There should be no football tax on health care

The proposal to bring a professional football team and stadium to Halifax raises many questions.

Since the proponents of the stadium want the Province to contribute money and concessions on ownership of former federal lands, it’s fair for people outside HRM to be concerned and need clarification.

One of the proposed revenue sources is a two-to-four percent levy on hotel bills.

I wonder about the impact of this entertainment tax/levy on health care. HRM is the region’s medical centre with the greatest concentration of medical specialists.

So, like medical pilgrims, people come to Halifax for appointments, tests, treatments and surgeries. They bring their sick kids to the IWK. The bulk of these people travel with a family member or friend, who often need a place to stay. Every day hundreds of hotel, inn, lodge and B&B rooms in HRM are occupied by people who are here for medical purposes. A levy on their accommodations is a type of tax on health care.

While $4-$8 a night may not seem much to some, to families whose main income earner is ill or who have to take time off work, this adds up. In the U.S. this type of surcharge is called “drip pricing” and is getting push-back from the corporate community as well as being the subject of lawsuits in Nebraska and Washington, DC.

When thinking about this I discovered a similar hotel levy had been proposed to pay for sporting infrastructure in Glendale, Arizona. Glendale is a city of 230,000 a few miles outside of Phoenix. A federal judge rejected the levy on constitutional grounds.

We are a different legal system, but it is worth studying the Glendale experience since one of their former team owners is also a backer of the Halifax stadium proposal. The proposal for Halifax seems to mirror the deal the owners of the Phoenix Coyotes had with the city for managing the Gila River Arena. This link provides details of a similar-sounding proposal:

The Super Bowl Comes To Glendale, The City Ruined By Sports

I understand a passion for sports, but in Canada and Nova Scotia we have expensive sporting history to consider. An example is the exuberant former Montreal Mayor, Jean Drapeau, who famously said, “The Olympics can no more run a deficit than a man can have a baby.” Well, Montreal’s 1976 Olympics were so costly – 13 times over budget – that it took the city 40 years to pay off the Games’ debt.

In 2008, Glendale invested $14 million to host The Super Bowl. They lost $1.6 million.

More recently and more local was Halifax’s winning bid to host the 2014 Commonwealth Games. The public was told the games would cost $785 million, generate $2.4 billion in economic benefit, increase the province’s annual GDP, create 18,000 jobs and leave a legacy of “world-class sport facilities and programs”. Proponents said, “We are not going to see the kinds of overruns that other games have seen.”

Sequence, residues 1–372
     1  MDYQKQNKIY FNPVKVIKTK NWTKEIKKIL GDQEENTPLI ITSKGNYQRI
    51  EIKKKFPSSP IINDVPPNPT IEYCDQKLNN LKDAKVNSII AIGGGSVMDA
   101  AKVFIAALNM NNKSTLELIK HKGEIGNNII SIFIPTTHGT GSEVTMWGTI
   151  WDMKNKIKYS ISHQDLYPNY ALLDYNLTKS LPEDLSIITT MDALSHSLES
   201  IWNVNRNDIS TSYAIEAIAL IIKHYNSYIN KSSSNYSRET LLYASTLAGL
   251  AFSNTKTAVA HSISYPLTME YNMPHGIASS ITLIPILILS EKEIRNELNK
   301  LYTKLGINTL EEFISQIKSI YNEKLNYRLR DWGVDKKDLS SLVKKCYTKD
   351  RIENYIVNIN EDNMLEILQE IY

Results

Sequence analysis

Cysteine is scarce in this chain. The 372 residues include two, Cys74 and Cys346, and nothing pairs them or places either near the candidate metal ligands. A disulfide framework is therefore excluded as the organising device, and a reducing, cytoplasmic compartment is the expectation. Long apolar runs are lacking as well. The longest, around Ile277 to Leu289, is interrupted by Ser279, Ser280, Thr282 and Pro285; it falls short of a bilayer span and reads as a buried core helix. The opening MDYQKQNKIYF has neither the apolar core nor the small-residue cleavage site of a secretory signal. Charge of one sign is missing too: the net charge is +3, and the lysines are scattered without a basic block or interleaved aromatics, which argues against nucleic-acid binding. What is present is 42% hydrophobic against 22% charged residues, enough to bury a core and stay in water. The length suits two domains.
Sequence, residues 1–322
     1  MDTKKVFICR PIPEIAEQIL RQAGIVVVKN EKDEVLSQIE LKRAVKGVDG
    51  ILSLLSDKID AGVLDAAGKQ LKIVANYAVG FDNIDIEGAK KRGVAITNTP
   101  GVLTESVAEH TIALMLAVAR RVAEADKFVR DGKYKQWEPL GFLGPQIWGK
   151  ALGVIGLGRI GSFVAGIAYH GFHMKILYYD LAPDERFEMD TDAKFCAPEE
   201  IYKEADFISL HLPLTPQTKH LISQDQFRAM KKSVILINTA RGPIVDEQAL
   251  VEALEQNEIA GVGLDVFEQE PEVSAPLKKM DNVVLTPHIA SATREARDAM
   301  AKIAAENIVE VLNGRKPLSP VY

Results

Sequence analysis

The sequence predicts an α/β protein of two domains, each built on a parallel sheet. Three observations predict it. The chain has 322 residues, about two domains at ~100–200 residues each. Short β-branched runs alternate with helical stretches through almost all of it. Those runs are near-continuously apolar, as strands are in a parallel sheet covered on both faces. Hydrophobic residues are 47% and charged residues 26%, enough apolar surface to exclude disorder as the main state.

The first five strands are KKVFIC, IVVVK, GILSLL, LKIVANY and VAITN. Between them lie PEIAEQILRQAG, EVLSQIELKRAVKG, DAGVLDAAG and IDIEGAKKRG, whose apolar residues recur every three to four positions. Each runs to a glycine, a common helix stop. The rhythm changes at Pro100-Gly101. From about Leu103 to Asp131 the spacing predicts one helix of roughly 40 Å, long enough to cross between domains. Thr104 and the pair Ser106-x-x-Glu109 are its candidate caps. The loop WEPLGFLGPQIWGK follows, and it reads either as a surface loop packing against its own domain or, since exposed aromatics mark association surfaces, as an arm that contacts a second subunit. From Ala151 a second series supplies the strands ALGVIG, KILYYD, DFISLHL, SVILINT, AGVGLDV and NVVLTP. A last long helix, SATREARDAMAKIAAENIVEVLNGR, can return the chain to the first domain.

But investigative reporting later learned that the real budget for the Games was $1.72 billion and would be closer to $2 billion. A consultant hired by the organizing committee criticized the organizational structure, business plan, proposed ticket prices, budget projections and said the positive assumptions – like higher attendance and ticket prices – were based on a “we are different” concept.

If Halifax is to host a professional sports team and stadium, perhaps we should look at the model provided by Green Bay, Wisconsin. Green Bay is a city of 109,000 people so it is smaller than HRM, yet is home to the Green Bay Packers, the winningest and most successful football franchise in the NFL. The Packers have no public money involved in the team or stadium, nor do they have a single owner. For lack of a better description, they’re sort of a cooperative.

The Packers are a community-owned team. They sell shares to the public and have 360,000 shareholders. Their last share offering in 2011 raised $67.4 million. In 2003 the Packers’ home, Lambeau Field, underwent a $295-million redevelopment that increased capacity to 80,000. The Packers’ organization paid for that.

It’s out-of-the-box thinking to raise money for professional sports by selling shares to fans and supporters, but it doesn’t divide the community and doesn’t put an extra burden on those who have to travel for health care.

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3 Responses to There should be no football tax on health care

  1. buddyboy546 says: